I Love Me

Light_Make_Up_MirrorDo you eat daily?  Clothe yourself?  Take a bath occasionally?;)   Dislike criticism? Dress for the weather? Own a mirror? Wear a seatbelt? Have any magazine subscriptions? Enjoy desserts? Get upset when others misunderstand you? Frequently feel the need to prove you are right? Wear makeup?  Color your hair?  Paint your nails? Brush your teeth?  Save for a rainy day?  Enjoy prosperity, prominence and promotion?

At the root of all these things is a love for self.  This is one of the topics we discussed at the Gemstone Conference.  Here is a great quote on the topic from Tozer:

“The labor of self-love is a heavy one indeed. Think whether much of your sorrow has not arisen from someone speaking slightingly of you. As long as you set yourself up as a little god to which you must be loyal, how can you hope to find inward peace?”

Even someone who says they hate themselves, truly is manifesting a great degree of self love, because he or she is not ____________ or does not have _________________ or cannot be ________________. It is an ironic demonstration of selfish discontent.

Is loving self wrong?  Well, while egocentricity is never admonished in scripture, it is a given that we will love ourselves (Mt. 19:19; Eph. 5:29);  but if we live in observance of  Phil 2:3 and esteem others better than ourselves, and also follow the admonition to love as God Himself loves (Jn 15:12)–selflessly, sacrificially, unconditionally– self will not be preeminent.  That’s a tall order.  When you study the attributes of agape as given in 1 Cor 13, you can certainly understand why the next chapter states that we need to “follow after” or (per the Amplified Bible) “eagerly pursue and seek to acquire these things.”  A great marriage takes work…a grand love relationship with  Almighty God requires self-denial, perseverance, and humility.  We are seeking to know and emulate Someone who is, as J.I. Packer says, “totally other.”

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4 thoughts on “I Love Me

  1. Tozer is great and I recommend him to anyone! Nevertheless, I’m not quite so sure I agree with him completely in this statement. If we are all supposed to be completely void of any and all concern for self and just be tough and always ignore ourselves, then why is the Bible replete (old and new testament) with messages on the tongue and how we should be careful what we say? So when we say something intentionally (not referring to hypersensitive people who get offended easily at just about anything; there’s one in every crowd) unkind and cruel to someone, THEY are the ones who are in the wrong for having the gall to feel bad???

  2. I believe Tozer’s point in this comment is that a Christian will never find inward peace if he or she is continually in self-defense mode. When someone offers criticism, we ought to receive it (regardless of whether we believe it is warranted or think it comes from a credible source) and try to glean from it, in humility. Proverbs is replete with references about this (10:17; 12:1; 13:18; 15:5,10,31). When we regard someone’s negative comment with pure disdain and with no pause for consideration, it is because we have set ourselves up as the “gold standard” – a god – no one should challenge us. We love ourselves supremely, and peace with God can never be the result of this. We live in a time when speaking one’s mind is seen as a positive thing (but Proverbs says it is the trademark of a fool), and demanding one’s rights is understood to be the reasonable thing to do, always. Our quest should not be for self, but for truth. Sometimes the truth vindicates us, and sometimes it condemns us. It is not so much an ignoring of self as it is to cultivate a level devotion for God that our love for self moves from the head of the table back to the cheap seats.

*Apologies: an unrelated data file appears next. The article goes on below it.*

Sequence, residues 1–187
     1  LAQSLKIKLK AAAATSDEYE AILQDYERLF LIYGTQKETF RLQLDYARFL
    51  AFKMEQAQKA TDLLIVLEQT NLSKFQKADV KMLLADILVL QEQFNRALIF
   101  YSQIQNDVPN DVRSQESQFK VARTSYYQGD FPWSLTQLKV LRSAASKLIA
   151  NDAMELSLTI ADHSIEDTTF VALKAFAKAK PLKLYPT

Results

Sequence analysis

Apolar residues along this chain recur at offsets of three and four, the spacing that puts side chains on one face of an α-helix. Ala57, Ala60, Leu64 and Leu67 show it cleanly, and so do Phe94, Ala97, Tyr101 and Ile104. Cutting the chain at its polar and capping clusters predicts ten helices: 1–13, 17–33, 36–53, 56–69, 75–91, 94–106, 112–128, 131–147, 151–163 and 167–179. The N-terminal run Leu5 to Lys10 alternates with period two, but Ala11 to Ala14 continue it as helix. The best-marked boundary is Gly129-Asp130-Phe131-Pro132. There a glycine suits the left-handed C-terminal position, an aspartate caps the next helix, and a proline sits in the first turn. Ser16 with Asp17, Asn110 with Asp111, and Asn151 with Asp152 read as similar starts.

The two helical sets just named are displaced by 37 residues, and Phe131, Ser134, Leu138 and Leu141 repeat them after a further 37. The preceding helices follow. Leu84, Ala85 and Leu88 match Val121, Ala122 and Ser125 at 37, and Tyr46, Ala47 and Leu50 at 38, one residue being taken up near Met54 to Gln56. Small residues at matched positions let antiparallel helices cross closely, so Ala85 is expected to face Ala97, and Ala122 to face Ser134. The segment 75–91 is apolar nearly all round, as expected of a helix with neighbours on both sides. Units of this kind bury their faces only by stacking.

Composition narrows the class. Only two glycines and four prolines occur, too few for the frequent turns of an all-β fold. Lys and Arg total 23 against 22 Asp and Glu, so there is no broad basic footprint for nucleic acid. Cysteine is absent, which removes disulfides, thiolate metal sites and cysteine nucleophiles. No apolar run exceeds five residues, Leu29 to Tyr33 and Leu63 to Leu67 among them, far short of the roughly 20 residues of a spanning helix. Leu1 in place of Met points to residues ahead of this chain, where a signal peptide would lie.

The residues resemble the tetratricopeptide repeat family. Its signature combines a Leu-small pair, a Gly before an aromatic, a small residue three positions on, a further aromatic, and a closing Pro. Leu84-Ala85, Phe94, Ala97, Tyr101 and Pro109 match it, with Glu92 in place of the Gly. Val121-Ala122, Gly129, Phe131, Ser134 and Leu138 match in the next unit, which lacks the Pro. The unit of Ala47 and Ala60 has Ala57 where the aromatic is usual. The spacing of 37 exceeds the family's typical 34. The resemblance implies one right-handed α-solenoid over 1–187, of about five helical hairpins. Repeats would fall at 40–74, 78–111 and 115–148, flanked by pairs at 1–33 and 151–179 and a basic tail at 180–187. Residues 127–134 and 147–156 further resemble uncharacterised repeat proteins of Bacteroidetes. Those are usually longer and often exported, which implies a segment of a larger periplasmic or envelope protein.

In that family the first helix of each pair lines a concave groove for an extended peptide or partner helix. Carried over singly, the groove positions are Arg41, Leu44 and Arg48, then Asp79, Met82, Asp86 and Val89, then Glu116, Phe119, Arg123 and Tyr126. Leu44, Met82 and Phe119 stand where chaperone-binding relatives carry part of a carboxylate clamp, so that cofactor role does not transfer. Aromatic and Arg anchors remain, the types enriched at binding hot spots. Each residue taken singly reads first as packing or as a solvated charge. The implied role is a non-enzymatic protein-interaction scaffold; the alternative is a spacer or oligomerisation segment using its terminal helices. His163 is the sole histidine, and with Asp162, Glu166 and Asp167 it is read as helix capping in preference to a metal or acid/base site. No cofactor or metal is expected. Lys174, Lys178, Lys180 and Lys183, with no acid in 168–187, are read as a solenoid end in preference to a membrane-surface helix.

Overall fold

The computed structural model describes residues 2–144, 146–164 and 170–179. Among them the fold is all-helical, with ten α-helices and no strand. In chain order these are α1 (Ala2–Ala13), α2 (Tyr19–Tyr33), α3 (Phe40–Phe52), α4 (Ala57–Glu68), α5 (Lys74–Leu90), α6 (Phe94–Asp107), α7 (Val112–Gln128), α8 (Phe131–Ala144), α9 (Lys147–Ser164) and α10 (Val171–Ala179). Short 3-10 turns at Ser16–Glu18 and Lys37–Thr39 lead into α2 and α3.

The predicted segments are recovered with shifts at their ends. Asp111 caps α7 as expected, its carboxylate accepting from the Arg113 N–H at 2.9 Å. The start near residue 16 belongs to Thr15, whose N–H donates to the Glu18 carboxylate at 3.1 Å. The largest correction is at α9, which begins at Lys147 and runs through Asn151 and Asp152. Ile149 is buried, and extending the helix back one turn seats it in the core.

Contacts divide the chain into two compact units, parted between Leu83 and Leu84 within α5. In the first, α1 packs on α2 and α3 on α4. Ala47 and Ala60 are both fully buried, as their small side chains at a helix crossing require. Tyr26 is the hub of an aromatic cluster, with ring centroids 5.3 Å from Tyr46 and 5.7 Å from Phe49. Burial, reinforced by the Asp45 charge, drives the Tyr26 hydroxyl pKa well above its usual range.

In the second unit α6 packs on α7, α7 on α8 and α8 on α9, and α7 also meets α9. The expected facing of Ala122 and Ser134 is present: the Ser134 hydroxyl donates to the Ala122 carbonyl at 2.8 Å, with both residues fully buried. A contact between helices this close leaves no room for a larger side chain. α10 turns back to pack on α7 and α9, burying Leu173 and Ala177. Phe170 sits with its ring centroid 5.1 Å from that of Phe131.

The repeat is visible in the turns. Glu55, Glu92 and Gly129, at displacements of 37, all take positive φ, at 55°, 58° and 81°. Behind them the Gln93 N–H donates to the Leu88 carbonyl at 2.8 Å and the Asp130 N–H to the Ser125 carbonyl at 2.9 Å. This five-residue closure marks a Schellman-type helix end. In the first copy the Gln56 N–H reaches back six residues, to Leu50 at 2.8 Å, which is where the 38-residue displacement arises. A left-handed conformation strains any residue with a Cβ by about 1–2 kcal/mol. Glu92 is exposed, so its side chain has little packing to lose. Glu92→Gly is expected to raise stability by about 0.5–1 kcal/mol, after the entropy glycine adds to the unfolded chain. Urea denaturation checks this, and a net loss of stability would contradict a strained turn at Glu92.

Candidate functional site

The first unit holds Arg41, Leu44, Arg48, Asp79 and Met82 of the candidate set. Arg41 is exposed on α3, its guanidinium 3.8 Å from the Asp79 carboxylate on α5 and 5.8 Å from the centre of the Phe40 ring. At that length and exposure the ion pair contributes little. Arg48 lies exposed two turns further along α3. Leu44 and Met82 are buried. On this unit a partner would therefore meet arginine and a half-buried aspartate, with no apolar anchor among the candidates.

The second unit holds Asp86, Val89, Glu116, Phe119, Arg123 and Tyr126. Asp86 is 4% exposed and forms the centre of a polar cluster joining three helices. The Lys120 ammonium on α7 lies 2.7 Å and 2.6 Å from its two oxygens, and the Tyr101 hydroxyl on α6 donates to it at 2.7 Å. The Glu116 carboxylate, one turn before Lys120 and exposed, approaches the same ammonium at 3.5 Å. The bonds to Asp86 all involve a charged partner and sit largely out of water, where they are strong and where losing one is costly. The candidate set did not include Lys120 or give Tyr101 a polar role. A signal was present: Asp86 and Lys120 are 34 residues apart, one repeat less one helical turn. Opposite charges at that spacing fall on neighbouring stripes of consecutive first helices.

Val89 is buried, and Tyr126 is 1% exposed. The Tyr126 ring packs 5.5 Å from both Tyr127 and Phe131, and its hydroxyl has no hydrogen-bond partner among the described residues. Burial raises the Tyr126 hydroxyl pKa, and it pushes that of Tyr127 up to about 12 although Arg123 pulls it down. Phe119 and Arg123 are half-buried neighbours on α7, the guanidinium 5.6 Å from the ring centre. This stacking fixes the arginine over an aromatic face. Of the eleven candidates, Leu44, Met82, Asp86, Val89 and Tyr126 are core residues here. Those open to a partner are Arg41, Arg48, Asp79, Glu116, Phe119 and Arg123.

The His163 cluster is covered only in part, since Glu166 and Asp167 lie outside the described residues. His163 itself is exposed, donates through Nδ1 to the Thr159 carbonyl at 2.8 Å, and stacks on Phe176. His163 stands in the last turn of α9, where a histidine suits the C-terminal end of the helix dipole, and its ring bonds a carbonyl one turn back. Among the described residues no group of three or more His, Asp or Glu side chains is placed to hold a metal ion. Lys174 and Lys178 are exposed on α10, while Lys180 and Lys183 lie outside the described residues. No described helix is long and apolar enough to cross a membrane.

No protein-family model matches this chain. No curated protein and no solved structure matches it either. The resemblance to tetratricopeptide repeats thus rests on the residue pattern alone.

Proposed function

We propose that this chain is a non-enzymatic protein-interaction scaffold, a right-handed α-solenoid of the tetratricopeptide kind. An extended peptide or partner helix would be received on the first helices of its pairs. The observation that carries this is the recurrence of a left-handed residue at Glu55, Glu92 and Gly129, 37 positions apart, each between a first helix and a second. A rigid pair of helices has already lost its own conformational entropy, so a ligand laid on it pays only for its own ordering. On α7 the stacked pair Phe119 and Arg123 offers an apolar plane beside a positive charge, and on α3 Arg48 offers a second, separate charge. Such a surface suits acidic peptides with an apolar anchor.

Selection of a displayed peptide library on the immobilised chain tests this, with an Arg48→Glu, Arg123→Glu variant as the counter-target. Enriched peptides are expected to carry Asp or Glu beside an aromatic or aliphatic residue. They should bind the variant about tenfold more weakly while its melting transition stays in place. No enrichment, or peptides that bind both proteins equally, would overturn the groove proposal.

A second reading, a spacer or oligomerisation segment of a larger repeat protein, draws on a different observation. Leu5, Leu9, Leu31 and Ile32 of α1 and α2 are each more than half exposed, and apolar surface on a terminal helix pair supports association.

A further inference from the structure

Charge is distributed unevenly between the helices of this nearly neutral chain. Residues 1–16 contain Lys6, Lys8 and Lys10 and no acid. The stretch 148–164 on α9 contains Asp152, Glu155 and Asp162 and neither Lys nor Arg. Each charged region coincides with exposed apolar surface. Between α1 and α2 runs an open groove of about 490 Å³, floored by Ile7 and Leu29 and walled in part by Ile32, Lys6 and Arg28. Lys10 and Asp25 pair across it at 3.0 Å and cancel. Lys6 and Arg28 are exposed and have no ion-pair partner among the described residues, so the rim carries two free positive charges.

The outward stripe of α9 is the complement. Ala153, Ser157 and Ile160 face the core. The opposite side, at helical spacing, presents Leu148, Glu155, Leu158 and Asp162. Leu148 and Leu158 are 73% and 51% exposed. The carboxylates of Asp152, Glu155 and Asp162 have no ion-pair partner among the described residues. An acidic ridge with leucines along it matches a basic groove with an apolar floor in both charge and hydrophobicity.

As far as our dealings with others, there are numerous admonitions in scripture regarding confrontation and exhortation…but the key ingredient is found in Eph 4:15…speak the truth…in love. Soft words turn away wrath. And, there are some who require a stronger approach as well. It behooves us to be able to tell the difference (which is the meaning of “making a difference” in Jude 1:22) by discernment through the Spirit. If we confront as a result of prayerful consideration instead of as a knee-jerk reaction, it is much more likely to be purposeful and profitable, yielding the “peaceable fruit of righteousness”. (Heb 12:11)

  3. Well, I know I appreciate (okay, maybe not immediately, but in hindsight) honest friends who will tell me when I am out of line. They are motivated by a love for me. However, there are some critics who are driven by pure meanness or jealousy or other selfish motives. Some people enjoy injuring others in order to elevate themselves. Yet, even in these cases, I need to ask myself if there is any truth to be found in the accusation or critique. I would say it is the better part of wisdom to spread such venom out before the Lord and ask Him (Ps. 139:17-23–an excellent context)–from the pen of David, a man who could, with authority, say, “Been there, done that, bought the t-shirt.”

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